Pianist Marc-André Hamelin to start Tuesday's Music Toronto recital with Golden Age Bach transcription
It’s not that pianists of the time played better. From a technical point of view, we may be living in better than golden times. Rather, what pianists played in concert embodied all of music — from popular songs to opera to symphonies to the great works for other solo instruments.
Podcast: Luigi Rossi's baroque oratorio Giuseppe gets Hamilton and Toronto premieres this weekend
The concerts — at Hamilton’s McNeil Baptist Church on Saturday at 2 p.m., at Toronto’s Bloor St United Church later that day at 7:30 p.m. and Sunday at Kingston Rd United Church in Toronto — feature five singers and five instrumentalists, all people who should do a great job with this beautiful music.
FEATURE | What Does Multiculturalism Sound Like?
Michael Vincent chats with RCM's Mervon Mehta about the New Canadian Global Music Orchestra, the first orchestra in Toronto comprised of recent immigrants to Canada.
Preview: Tenor meets eight cellos in James Rolfe's setting of Archibald Lampman's winter poems
By John Terauds on September 22, 2012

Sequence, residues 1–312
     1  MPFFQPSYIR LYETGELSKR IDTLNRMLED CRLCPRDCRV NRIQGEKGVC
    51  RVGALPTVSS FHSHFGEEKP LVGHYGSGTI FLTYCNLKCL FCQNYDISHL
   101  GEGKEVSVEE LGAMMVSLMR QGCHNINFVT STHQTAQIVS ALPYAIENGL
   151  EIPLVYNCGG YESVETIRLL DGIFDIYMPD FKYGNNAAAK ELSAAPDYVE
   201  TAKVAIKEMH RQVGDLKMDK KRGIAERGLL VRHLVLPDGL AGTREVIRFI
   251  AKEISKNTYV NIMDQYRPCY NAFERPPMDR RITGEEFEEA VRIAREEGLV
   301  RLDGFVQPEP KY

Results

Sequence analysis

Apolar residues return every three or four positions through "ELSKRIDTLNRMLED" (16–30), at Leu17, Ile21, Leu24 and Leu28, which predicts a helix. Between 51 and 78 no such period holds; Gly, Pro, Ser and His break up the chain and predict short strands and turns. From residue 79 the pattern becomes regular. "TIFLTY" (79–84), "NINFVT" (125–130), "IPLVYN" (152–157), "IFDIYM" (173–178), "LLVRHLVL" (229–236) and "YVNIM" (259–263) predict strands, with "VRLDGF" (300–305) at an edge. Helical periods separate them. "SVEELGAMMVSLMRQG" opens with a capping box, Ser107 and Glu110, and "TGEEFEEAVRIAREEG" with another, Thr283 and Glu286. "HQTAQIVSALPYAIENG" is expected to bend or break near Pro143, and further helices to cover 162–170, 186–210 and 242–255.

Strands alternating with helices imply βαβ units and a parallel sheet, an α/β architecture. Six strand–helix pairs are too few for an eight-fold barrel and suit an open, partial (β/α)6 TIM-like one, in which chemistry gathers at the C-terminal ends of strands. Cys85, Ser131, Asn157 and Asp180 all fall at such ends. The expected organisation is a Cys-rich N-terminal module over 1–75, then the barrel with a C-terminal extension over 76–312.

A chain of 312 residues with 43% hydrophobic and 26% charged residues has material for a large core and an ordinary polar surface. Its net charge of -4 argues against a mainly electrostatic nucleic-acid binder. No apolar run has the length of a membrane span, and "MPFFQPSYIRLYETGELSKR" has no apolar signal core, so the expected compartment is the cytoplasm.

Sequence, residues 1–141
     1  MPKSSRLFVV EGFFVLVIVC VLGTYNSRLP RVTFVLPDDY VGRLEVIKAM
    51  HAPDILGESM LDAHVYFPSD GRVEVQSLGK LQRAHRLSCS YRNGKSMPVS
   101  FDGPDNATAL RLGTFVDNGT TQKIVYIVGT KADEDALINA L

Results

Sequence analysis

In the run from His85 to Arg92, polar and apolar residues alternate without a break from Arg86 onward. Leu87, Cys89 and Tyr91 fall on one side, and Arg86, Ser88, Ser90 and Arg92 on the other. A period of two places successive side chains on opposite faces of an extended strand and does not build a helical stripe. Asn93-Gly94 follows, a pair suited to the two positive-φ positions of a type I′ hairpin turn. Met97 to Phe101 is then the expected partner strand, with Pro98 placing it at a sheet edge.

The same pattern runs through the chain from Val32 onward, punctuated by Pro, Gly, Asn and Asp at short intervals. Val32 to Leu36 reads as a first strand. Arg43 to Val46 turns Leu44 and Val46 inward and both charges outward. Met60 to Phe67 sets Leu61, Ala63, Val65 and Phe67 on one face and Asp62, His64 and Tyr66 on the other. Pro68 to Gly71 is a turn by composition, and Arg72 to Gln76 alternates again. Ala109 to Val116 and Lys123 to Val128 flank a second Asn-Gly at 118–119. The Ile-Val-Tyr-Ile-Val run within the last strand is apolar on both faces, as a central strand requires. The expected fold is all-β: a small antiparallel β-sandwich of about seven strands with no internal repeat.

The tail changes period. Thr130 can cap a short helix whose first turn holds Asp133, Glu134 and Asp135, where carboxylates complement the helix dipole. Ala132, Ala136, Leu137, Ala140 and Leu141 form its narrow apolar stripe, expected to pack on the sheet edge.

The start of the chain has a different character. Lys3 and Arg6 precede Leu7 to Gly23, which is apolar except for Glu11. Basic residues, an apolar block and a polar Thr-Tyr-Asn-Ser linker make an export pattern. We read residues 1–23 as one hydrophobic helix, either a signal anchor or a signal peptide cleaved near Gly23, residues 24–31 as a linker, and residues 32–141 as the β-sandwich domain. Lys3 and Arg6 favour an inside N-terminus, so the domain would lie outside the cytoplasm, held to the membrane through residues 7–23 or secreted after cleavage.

Winter Songs gets its premiere at the Betty Oliphant Theatre (at 404 Jarvis St) tomorrow night in a concert that revolves around the cello — the instrument usually credited as being closest to the sound and expressiveness of the human voice.
INTERVIEW | Stewart Goodyear Takes His Canadian Roots Very Seriously
Pianist Stewart Goodyear chats about his upcoming concert on Sunday, Dec. 4 at Koerner Hall featuring the premiere of his new work, “Acabris! Acabras! Acabram!”.
Preview: Past and present meet in York University's twist on John Gay Beggar's Opera
This isn’t drawn from the pages of Maclean’s or a Torontoist post of 2014, but a nearly 300-year-old line from The Beggar’s Opera, a musical by John Gay that took London by storm in 1728.
FIVE MINUTES | With A Very, Very Busy Monica Pearce
Both an arts administrator and a composer, Monica Pearce explains how she manages to find a balance.
Interview: Dramatic purpose comes first for Peter Grimes tenor Roger Honeywell
Chat with just about any opera singer, and you’ll discover someone who fell in love with music and singing as a teenager, went to a music school, and then figured out how to convey the stories of opera on stage. But Honeywell was 32 when he decided to become a singer in 1999.
Soprano Suzie LeBlanc embarks on incredible voyage with poet Elizabeth Bishop
Canadian soprano Suzie LeBlanc is on a mission to reunite the real words with the possible music of Bishop’s universe. It’s a mission that has proven to be, like so many adventures, full of unexpected twists.
FIVE MINUTES | Adam Scime On The Creative Process
Talking to Adam Scime reveals a mind heavily concerned with harmonising artistic integrity and discipline in the creative process.